Monday, October 26, 2015

Guest Post by Joe Giordano, author of Birds of Passage

Italian Immigration to New York
Joe Giordano
Southern Italians were eighty percent of the immigrants to New York where their labor was needed for growing commercial and industrial activities in Manhattan. The majority were general laborers. Those who had skills were merchants, stonecutters, mechanics, mariners, masons, barbers, seamstresses and shoemakers. Women most often worked in the garment industry. Italian immigration was composed principally of poor people who hadn’t enough money to pay transportation expenses from the ports of disembarkation, and therefore had to find work immediately. That's why the padrone system of employment was accepted. Padroni generally were labor agents who sold jobs to men eager to migrate. Many padroni were sub-contractors building railroads, tunnels, and canals with crews of migrant laborers. While immigrants were often preyed upon by other Italians and relegated to the lowest economic tier, a comparison of wages in Italy versus America demonstrates that despite the cost of travel and the cut of the padrone, Italians earned far more money in the States than in Italy. Furthermore, in Italy patron-client relationships weren't viewed as a limit on individual liberty. On the contrary, patronage was an integral dimension of Italian life at every level of society. While patronage corrupted Italy’s government, Italians viewed a patron relationship as an advantage and those without patrons as truly powerless.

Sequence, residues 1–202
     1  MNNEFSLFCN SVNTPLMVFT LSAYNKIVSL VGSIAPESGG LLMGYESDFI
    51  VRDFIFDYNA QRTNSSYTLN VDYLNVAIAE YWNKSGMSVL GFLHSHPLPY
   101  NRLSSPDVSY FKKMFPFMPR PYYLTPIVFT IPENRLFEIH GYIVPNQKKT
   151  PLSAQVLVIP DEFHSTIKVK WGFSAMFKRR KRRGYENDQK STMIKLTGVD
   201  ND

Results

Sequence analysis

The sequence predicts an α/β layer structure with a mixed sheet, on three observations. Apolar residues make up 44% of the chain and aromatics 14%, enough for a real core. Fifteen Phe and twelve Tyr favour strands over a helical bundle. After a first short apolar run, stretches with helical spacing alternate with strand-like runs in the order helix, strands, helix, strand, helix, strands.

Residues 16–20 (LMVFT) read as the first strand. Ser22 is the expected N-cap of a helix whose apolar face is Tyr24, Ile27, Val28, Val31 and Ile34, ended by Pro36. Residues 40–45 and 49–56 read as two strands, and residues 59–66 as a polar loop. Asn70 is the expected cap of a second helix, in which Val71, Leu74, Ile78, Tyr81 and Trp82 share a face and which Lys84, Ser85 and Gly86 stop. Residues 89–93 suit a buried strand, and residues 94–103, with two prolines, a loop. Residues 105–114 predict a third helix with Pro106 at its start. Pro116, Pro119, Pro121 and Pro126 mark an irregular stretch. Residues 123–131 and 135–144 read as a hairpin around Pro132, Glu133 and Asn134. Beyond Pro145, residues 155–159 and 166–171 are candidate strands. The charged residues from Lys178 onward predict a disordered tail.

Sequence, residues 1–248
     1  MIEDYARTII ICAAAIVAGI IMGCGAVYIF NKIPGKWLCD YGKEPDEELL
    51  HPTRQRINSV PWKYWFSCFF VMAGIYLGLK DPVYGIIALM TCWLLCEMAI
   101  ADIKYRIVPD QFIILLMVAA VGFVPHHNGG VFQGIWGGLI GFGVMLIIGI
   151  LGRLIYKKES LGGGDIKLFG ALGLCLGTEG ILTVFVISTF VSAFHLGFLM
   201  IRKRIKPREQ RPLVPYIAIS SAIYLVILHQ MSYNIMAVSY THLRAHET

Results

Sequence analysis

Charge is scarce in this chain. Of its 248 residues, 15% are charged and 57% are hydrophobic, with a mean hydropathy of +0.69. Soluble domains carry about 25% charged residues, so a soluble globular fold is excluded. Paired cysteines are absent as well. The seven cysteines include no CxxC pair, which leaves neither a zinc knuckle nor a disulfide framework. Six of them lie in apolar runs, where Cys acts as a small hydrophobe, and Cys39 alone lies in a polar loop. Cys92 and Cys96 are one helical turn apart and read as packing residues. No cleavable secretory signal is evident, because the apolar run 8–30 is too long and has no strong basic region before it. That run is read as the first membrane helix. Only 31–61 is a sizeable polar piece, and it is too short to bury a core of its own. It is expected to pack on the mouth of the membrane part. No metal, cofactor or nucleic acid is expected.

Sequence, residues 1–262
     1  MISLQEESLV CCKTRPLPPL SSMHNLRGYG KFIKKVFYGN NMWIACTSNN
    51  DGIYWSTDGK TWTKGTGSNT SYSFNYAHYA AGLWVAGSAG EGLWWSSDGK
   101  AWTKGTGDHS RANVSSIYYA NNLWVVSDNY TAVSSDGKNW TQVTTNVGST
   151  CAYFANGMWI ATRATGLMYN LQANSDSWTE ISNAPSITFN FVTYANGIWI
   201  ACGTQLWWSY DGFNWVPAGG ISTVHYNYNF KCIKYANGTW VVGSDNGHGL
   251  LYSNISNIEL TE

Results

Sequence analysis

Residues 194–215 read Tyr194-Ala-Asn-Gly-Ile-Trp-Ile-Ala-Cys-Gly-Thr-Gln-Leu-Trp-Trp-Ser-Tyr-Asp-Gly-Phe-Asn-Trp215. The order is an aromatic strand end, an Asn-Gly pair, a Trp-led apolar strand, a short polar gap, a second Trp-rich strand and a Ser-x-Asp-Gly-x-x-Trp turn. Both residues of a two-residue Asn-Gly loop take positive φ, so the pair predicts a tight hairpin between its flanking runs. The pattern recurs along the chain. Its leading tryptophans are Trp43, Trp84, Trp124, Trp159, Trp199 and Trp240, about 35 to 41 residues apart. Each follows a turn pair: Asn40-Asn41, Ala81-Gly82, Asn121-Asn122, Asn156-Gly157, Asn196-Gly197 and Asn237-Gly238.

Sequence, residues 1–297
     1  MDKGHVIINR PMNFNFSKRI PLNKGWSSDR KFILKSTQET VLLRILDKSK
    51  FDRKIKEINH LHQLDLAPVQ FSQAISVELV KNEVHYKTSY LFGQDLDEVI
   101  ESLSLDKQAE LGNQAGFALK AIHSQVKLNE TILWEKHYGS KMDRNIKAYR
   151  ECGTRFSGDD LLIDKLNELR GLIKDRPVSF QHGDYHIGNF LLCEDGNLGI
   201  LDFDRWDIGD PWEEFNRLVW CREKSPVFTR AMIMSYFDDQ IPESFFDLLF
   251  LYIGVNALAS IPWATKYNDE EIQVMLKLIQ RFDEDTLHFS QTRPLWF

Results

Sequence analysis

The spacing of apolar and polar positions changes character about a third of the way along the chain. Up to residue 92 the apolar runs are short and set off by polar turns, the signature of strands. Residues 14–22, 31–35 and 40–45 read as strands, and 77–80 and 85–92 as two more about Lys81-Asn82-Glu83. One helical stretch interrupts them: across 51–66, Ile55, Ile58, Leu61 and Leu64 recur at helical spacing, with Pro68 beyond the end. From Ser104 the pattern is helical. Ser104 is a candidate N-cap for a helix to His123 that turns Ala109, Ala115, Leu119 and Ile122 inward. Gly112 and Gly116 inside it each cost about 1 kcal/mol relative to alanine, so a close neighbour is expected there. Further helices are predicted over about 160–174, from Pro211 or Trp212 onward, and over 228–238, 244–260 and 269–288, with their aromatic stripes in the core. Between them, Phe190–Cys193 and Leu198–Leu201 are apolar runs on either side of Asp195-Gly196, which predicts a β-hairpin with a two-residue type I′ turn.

The early literature on Italian immigration to New York emphasizes the squalor of their living conditions. While this is undoubtedly true, something about Italian life in New York eventually stemmed the tendency to repatriate to Italy and attracted people to remain in the United States. Italians often immigrated to where kin, friends and neighbors had settled, familiar social networks. Factories transformed Italians from agricultural peasants into wage-earners. Southern Italian work ethic and belief in family encountered a degree of economic mobility and city-life social interactions not available to most of the men or women in the agricultural orientated villages they left. This new economic and social order was attractive. Eventually a critical mass of Italians from the same village, same area or same kin had come to New York, and more men began to immigrate with wives and children. Italians adopted the United States as a permanent home.

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